Beneficiaries with drug habits that prevent them taking jobs and those on the run from the police will have their benefits cut under the next tranche of welfare reform by National.

Prime Minister John Key yesterday also announced plans to crack down on welfare cheats by setting up a new fraud unit and making it easier to prosecute benefit fraud and recover the money, including by selling the fraudster's assets.

Benefit fraud cost the country $200 million last year and about 25,000 current beneficiaries had either committed fraud in the past or received significant overpayments by not disclosing changes in their circumstances. Mr Key said too many believed welfare was there for a "free ride".

The total owed for benefit fraud was around $900 million.


National's social development spokeswoman, Paula Bennett, said there were currently no consequences for drug-takers who refused to apply for jobs because of drug testing. The issue was a problem in industries such as forestry and in some regions, including Northland.

"In one case we had 74 young people turn up to a seminar and 18 per cent of them said, 'we will not pass a drug test, so there's no point in us going forward'. When we expect New Zealanders who are in work to be drug-free and able to work, it's quite reasonable we expect it of people who should be available for work."

Those who were wanted by police would be given seven days to turn themselves in and prove to Work and Income that they had done so, or they would also have their benefits cut.

Labour leader Phil Goff said the problem of drug abuse had to be addressed through proper treatment.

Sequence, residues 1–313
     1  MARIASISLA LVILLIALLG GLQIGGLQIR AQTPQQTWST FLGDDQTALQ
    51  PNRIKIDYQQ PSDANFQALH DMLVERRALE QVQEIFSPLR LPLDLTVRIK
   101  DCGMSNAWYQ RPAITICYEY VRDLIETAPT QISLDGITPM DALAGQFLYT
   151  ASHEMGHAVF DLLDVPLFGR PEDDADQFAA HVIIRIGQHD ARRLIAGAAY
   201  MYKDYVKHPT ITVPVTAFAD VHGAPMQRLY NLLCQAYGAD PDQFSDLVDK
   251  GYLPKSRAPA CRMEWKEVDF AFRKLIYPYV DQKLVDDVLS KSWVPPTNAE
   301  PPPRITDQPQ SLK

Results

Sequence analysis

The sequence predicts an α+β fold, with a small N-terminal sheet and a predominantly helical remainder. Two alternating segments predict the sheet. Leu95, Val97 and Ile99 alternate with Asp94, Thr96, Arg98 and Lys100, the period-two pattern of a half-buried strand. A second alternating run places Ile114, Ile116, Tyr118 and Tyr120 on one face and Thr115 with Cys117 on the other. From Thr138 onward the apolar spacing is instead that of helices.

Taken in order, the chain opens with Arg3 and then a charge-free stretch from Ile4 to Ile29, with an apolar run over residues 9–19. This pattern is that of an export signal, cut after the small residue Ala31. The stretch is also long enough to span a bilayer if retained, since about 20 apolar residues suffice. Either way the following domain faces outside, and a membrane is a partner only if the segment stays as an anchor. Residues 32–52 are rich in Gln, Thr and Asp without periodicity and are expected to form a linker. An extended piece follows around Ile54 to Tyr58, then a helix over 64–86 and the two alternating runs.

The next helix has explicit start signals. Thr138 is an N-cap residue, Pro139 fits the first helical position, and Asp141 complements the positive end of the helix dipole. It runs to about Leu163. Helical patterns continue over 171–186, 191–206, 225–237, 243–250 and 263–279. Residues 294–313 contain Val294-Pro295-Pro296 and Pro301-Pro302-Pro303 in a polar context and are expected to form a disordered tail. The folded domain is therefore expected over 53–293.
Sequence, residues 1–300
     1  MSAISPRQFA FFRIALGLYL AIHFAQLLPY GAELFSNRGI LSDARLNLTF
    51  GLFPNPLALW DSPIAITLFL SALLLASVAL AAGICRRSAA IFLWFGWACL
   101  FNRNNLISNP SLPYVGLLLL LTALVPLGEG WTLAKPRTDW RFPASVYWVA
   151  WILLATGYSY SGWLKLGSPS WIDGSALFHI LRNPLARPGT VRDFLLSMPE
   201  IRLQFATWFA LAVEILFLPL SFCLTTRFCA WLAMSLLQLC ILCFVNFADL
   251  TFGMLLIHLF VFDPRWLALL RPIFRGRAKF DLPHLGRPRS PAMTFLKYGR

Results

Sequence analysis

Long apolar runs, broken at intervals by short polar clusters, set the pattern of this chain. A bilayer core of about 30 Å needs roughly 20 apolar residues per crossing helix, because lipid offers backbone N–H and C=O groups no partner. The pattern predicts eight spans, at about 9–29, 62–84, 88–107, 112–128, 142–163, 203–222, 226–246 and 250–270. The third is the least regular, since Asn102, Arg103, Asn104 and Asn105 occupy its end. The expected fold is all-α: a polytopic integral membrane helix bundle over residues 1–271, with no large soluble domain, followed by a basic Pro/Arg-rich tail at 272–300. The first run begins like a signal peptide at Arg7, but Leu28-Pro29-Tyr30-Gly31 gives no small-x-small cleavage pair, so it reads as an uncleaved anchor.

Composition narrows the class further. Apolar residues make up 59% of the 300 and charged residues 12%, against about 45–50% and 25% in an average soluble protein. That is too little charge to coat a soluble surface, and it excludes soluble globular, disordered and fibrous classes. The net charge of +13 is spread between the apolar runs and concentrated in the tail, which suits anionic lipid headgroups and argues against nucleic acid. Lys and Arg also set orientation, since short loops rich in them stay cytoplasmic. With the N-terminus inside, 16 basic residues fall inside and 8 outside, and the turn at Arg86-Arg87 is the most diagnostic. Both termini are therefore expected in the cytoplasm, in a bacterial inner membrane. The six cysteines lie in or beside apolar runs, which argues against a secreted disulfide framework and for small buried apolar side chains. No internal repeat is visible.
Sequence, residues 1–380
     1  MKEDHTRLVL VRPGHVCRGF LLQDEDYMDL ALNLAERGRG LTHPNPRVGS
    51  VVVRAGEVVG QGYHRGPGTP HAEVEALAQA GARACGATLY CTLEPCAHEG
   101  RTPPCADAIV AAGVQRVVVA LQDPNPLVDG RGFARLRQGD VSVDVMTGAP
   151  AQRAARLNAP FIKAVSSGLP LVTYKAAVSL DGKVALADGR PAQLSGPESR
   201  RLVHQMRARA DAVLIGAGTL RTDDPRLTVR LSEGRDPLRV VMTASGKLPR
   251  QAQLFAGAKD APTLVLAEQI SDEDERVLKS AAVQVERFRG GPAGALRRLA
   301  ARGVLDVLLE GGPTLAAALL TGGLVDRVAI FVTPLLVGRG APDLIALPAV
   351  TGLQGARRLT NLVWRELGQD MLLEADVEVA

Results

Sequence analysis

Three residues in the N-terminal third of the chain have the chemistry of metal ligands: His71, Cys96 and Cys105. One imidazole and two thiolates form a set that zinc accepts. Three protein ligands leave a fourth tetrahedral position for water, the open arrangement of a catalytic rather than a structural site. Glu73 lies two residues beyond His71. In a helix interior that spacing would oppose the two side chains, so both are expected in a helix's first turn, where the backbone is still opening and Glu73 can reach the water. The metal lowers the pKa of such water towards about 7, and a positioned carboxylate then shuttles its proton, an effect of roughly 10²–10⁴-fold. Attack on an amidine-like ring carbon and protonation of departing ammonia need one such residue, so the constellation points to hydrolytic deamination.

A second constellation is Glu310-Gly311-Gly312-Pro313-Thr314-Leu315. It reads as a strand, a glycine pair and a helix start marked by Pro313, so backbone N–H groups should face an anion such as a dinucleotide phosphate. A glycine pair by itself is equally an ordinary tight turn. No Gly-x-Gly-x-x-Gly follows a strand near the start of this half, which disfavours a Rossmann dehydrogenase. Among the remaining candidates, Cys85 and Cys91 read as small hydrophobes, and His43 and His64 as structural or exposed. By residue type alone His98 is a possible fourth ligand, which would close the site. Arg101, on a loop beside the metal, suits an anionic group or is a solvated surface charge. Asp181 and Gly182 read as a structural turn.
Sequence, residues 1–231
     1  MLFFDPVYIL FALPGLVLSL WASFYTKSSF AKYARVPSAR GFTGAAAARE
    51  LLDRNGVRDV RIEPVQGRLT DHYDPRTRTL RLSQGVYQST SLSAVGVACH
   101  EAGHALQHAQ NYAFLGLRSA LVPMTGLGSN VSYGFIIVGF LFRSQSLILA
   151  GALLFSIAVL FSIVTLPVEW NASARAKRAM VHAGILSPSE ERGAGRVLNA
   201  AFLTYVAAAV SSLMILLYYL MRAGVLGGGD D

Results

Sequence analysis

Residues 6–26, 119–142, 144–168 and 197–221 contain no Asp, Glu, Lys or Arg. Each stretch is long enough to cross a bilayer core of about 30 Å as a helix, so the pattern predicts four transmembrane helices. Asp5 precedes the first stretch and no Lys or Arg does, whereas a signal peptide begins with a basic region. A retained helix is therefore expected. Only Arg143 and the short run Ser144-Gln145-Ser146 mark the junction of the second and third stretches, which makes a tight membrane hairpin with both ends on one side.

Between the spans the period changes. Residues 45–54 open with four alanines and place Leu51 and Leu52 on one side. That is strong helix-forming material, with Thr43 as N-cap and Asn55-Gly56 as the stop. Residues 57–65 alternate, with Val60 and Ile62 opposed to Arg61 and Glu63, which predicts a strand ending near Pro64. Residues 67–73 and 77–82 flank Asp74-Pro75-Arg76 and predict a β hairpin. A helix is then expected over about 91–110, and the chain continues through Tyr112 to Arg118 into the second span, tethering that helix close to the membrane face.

However, he said most of those on benefits were not addicts and if National was going to insist people went into work, it should focus more on training and ensuring there were jobs for them.

But he was "no defender" of people on the run from the law, and said he had as little pity for benefit fraudsters as he did for tax dodgers.

Mana Party welfare spokeswoman Sue Bradford also backed the stance on benefit fraud, but said cutting the benefits of drug-takers went against advice from the NZ Drug Foundation that such a step would only further impoverish a marginalised group and reduce the chances of rehabilitation.

She said it also risked placing their families under more hardship.


Ms Bennett said a team of eight specialist fraud investigators would be set up and the law changed so it was easier to prosecute benefit fraud. It was estimated that about 10 per cent of those on benefits should not be "so we're getting tougher on that".

She said Work and Income had increased its data matching with other Government agencies, such as Inland Revenue, and found 6 to 12 per cent of people received benefits they were not entitled to.

* Beneficiaries who fail to appear on an arrest warrant have seven days to do so or their benefit will be cancelled. Those with children lose half their benefit.
* New benefit fraud team of eight specialists.
* Expected to save $200 million over four years. Benefit fraud cost $200 million last year.
* Benefit cancelled if a recreational drug user refuses to apply for a job or does not get one because of a failed drug test.
* Law reviewed to clarify when a person on a single-person benefit is considered to be in a relationship in which their partner's income should be taken into account. To help prevent overpayment.